Bluffton Fire District holds in-house recruit school

rlurye@islandpacket.comMarch 14, 2014 


Pictured are Duke Novak, left, and Bruce Bartolotto who graduated March 14, 2014, as firefighters in the first in-house recruit class with the Bluffton Township Fire District.

CAPT. RANDY HUNTER — Bluffton Township Fire District

The Bluffton Township Fire District held graduation Friday for a recruit-school class, among them two men over 40 who took unconventional paths to becoming firefighters.

They came to the firehouse after working in restaurants and a janitorial business.

Through their nine weeks of recruit training at Bluffton Township Fire District, Bruce Bartolotto and Duke Novak carried the accomplishments, setbacks and wisdom they accumulated over 40-plus years as they took a different route to their passions.

Like many firefighters, Bartolotto, 46, and Novak, 40, dreamed of donning a uniform from a young age.

But the two men, who graduated from recruit school Friday, also came with families and a desire to stick close to home while they move into new careers. For the first time this year, the district made that possible.

Rather than send its 13 recruits to train at the S.C. Fire Academy -- which requires them to sleep at the Columbia center for nine weeks from Sunday night to Friday night -- the district held its own program entirely in-house. That change should save money in the long run, cutting down on the costs of tuition, housing and food, Capt. Randy Hunter said.

For Bartolotto, who owned a janitorial company before the Great Recession, training just off Fording Island Road also saved time. He didn't have to wait until after graduation to work on another one of his goals -- spending time with his son.

"He's going to turn 12 this week, and I've missed a lot of his life," said Bartolotto, who lives in Bluffton. "I just want to be a better family person, to do something where you can actually have great memories, and that'll give you great satisfaction."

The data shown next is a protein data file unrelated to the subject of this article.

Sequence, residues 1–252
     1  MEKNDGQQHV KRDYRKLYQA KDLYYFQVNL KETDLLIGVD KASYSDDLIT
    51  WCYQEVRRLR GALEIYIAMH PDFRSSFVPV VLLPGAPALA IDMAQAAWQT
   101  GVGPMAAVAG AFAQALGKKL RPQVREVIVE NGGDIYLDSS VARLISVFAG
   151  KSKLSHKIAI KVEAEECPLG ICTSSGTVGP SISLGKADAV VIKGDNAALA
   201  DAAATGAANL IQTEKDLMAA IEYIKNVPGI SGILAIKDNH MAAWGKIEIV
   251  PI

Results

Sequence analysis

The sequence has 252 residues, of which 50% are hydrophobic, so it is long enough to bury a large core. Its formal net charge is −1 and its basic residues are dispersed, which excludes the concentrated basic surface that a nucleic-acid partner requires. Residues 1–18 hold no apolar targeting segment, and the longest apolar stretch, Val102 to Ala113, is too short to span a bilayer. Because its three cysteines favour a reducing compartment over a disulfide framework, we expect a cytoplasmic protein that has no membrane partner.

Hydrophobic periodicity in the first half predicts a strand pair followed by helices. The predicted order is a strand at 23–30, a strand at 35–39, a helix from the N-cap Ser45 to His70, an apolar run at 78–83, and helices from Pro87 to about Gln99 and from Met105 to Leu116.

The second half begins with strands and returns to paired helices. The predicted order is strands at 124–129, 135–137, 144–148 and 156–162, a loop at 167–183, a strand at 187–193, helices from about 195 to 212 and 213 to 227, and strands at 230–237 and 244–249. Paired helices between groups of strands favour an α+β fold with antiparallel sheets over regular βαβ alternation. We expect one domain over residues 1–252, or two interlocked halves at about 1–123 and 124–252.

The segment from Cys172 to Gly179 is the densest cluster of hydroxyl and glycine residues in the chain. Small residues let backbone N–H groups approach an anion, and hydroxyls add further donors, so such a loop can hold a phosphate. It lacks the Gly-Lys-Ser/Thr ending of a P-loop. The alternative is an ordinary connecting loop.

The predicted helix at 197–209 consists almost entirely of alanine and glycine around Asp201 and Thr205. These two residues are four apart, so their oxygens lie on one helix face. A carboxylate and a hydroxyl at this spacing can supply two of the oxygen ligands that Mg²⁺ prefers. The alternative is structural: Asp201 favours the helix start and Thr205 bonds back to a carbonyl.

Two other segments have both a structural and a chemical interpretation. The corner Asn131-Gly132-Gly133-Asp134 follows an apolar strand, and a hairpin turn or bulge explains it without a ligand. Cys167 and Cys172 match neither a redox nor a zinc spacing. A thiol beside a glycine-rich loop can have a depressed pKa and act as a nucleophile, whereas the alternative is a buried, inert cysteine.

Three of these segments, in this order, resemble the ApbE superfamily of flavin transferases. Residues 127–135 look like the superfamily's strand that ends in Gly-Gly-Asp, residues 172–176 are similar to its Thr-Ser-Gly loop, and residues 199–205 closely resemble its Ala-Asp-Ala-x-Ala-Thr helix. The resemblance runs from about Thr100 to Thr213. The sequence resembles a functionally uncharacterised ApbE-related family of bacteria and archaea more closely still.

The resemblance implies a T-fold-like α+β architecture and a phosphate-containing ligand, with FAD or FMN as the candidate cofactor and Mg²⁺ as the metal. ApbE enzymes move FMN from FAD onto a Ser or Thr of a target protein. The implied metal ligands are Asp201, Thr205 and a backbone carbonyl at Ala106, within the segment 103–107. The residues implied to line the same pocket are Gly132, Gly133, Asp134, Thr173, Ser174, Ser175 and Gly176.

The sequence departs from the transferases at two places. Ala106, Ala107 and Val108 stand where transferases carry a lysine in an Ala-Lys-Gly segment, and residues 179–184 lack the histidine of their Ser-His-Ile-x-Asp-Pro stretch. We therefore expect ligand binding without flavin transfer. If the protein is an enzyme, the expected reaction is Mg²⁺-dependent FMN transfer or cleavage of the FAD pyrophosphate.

That's something he didn't find in his previous work. Growing up poor in upstate New York, without heat or running water, Bartolotto had always thought he would find happiness in money. But even when his business was at its peak, cleaning about 150 offices per week in southern Beaufort County, he wasn't happy.

Five years later, inspired by a friend who worked for the fire district, Bartolotto decided to make a change.

Novak, the second-oldest recruit in this year's class, did the same. The Hilton Head Island man spent years working in food service, always expecting the next promotion to bring happiness. It never came. Last spring, he began looking for opportunities in a field that would allow him to give back to the community.

Both men passed a physical agility test, written exam and interview to join the district's hiring pool in April 2013. About four months ago, Chief John Thompson decided there were enough open positions to warrant an in-house training school. Then on Jan. 6, Novak, Bartolotto and 11 other recruits for the fire district, the Hardeeville Fire Department and the Sheldon Fire District got started.

After weeks of drills, physical conditioning, equipment training and courses, the recruits graduated Friday during a ceremony at district headquarters. Now, they're ready to respond to emergency calls.

"This job here, you provide for 246 square miles of community, not just your neighbor or whoever walks into your grocery store," Novak said. "That's something you don't get at normal jobs."

Follow reporter Rebecca Lurye at

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